Marketing has put a bit of a self-help spin on the book, subtitling it “The Do-Better Manual.” But Ajayi is less about telling you what to do—let alone how to do it—and more about giving some serious side eye to the way we currently do things. Why are we so thirsty for fame that we don’t care what we’re famous for? Should you ever post pictures of Grandma’s open casket funeral on social media? Have you washed your bra more than once in the last year? If you do better for having read this book, it will be less because Luvvie laid out a plan of reform, and more because she made you felt shame for your inconsiderate or gross behaviour and vow to be a better human going forward.

I’m Judging You is best read over several days, a few essays at a time. While the humour makes the book go down easy, and you could finish this in a sitting or two, the essays are more enjoyable when you spread them out a bit rather than swallowing the book whole. Ajayi’s humourous commentary puts the heart in the book, but she goes out on a serious note, imploring readers to speak up, and donate where they can to make the world a better place. This light-hearted but sincere call to do better was exactly what I needed to start the new year.

The Almost Nearly Perfect People

Cover image for The Almost Nearly Perfect People by Michael Boothby Michael Booth

ISBN 978-1-250-06196-6

“Though there were many aspects to Scandinavian living that were indeed exemplary, and from which the rest of the world could learn a great deal, I grew increasingly frustrated by the lack of nuance in the picture being painted of the region.”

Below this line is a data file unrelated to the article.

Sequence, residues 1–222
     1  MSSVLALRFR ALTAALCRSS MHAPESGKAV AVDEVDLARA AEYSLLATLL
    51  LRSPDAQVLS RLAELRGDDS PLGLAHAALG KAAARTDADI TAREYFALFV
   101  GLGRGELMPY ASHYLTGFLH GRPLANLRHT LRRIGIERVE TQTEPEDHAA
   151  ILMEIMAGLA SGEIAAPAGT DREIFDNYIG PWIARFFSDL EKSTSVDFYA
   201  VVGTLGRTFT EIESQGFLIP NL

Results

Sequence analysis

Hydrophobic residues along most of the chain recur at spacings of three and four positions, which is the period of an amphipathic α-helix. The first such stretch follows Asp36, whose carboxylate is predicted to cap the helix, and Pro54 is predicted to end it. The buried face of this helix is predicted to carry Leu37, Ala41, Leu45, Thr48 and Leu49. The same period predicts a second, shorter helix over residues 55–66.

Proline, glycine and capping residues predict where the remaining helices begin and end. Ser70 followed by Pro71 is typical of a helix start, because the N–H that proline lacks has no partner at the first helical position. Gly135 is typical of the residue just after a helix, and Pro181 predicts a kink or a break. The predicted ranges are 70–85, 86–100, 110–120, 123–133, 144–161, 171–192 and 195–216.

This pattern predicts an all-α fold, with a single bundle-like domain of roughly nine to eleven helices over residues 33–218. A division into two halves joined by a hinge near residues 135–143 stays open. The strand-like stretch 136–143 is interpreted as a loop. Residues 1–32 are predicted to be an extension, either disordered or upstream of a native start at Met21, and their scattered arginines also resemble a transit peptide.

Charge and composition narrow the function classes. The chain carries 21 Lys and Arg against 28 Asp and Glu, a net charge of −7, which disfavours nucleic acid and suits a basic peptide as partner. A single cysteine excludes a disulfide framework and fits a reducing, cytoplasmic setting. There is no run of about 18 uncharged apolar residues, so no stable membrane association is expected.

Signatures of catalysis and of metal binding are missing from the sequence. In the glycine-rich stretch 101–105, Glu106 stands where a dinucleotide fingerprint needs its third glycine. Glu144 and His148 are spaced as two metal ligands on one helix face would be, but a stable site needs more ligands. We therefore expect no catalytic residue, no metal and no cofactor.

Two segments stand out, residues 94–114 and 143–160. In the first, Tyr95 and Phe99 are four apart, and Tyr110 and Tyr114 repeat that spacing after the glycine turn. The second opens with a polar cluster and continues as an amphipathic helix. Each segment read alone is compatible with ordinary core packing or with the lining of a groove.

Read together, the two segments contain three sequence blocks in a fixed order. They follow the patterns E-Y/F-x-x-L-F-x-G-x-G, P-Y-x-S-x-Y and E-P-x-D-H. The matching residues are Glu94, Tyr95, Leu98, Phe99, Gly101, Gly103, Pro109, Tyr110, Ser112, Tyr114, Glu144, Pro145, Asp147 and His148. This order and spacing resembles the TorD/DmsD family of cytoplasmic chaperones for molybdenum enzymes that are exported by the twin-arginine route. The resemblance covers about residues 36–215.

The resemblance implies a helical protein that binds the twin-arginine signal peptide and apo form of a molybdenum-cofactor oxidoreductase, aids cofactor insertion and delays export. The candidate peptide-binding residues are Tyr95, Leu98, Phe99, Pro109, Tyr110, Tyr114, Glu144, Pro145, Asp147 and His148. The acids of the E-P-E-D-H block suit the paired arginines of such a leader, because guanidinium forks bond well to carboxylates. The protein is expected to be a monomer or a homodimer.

After fifteen years of living in Denmark with his Danish wife and two children, Michael Booth noticed something curious. Although Denmark, and the other Nordic countries of Iceland, Sweden, Norway, and Finland, frequently topped global happiness surveys, they didn’t seem to be particularly happy. Moreover, the British and American media seemed to view the Scandinavian countries as some kind of northern Utopia, oblivious to the quirks and foibles that were clearly visible to him as a long-time resident of the region. This perception persisted despite the staggering popularity of the dark and gruesome mystery novels of the likes of Henning Mankell and Stieg Larson, and the surprising success of Scandinavian police dramas abroad. This cognitive dissonance prompted Booth to pen a travelogue about the aspects of Scandinavian history and culture the rest of the world seems willfully oblivious to.